The events of the last couple of weeks -- the violent deaths of George Floyd and Breonna Taylor (and so many before them), as well as the racist acts of Amy Cooper against Christian Cooper, that have culminated in nationwide protests, have led many parents to ask themselves:
- “What can I do?“
- “When and how do I talk with my children about race and racism?“
- “Where do I start?“
All great questions. And fortunately we are living in a time where there is an abundance of resources just waiting for an abundance of action on all our parts.
I am the Mexican-American mother of a 9-year-old boy who is of mixed Mexican and White heritage. He presents as white, and as such, we have raised him to understand the responsibility and privilege that comes with that identity.
My own Mexican heritage and my experiences in the community have led me on a path of working for racial equity and empowering voices that are often silenced and ignored. I have had the wonderful privilege of sharing a community with racial equity advocates from all across the country who have guided me in my own journey of growth as a woman of color and as a parent of a white child, whom I am investing my love and energy in so that he continues to grow into an anti-racist.
Rectifying the wrongs in our country’s racist patterns and actions depends not only on us as adults, but also on the leadership and voices of our youth. We, as parents, can have a strong impact on the future actions of the next generation. So, what can you do to raise an anti-racist?
Here are three steps for you to consider:
Yup. First, do nothing. Listen to black voices and stories (and those of other communities of color) on social media, in movies, on podcasts, and in your own social circles. Soak it in. Don’t listen to respond -- just listen. Are there any words or phrases that cause you to bristle a little? That made you feel just a slight bit defensive? Do you have questions about anything you heard? Write these reflections down.
2. Self-work and action
In order to raise anti-racist children we, as parents, need to do the work of being anti-racist first.
Remember that reflection work from step 1? Do some research based on those notes, find the appropriate resources for your growth plan and learning style, and act based upon suggestions for action that you are learning about.
Maybe you want to understand what white privilege really means. There are excellent books on this topic (see the list of resources below).
Or you might want to better understand the history of police brutality on black Americans in this country. There are great movies and documentaries on this topic as well.
Define your growth plan, access the resources, do the work. Your children are watching.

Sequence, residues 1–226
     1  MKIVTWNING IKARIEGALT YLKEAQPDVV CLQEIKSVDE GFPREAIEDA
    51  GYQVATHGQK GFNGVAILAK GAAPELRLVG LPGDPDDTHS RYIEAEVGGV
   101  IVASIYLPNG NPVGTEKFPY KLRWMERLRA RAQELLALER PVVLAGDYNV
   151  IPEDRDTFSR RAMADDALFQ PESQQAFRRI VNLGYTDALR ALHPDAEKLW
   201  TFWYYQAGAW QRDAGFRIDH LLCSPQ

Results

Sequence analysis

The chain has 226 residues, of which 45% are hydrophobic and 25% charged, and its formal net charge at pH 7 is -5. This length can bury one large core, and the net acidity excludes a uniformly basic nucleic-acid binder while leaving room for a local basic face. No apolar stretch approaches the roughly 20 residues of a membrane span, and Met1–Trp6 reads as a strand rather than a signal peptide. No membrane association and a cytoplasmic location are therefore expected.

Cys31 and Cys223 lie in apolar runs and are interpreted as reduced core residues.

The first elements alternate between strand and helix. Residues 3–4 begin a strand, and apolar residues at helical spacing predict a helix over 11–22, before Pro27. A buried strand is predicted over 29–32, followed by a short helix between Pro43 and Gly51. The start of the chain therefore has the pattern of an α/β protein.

They will ask you “What are you reading/watching/listening to?” Use the moment to have candid explicit conversations with your children on what you are learning. Be honest with your children in saying, “I am learning this myself," or “I am doing this because…” Share with them how you will use what you are learning. Children are the best at holding us accountable!
3. Start or grow an anti-racist library
When can you start talking about racism with your children?
Of course, we do this from a place of age-appropriate discussion, but the earlier we start, the better. I love books as a jumping-off point for conversations on race, diversity, racism, adversity, and as a way to highlight amazing people of color in our history and in the present.
Go stand in front of your child’s library, sort through every book and take note of how many books you have that are written by authors of color and/or that feature diverse characters and voices in those books.
I have included a link to a great list of children’s books below. Do this for your own adult library at home too.
I wish I could say these are three easy steps, but the reality is that to create lasting change, we need to do the work as parents. It will be uncomfortable and hard work at times. But this is the investment we make as parents for a brighter and equitable future for all children.
This is by no means a comprehensive list of the actions we can take as parents to be anti-racist and to raise our children to stand up for equity, but if you start with the resources listed below, I do believe you will be on your way to raising an anti-racist child.
Resources to help you start your own anti-racism journey as a parent:
31 children's books to support conversations on race, racism, and resistance by Embrace Race (look for their parent webinars on these topics also)
11 Essential Films on Anti-Racism, by Love Magazine
Glossary of Racial Equity Language, by Racial Equity Tools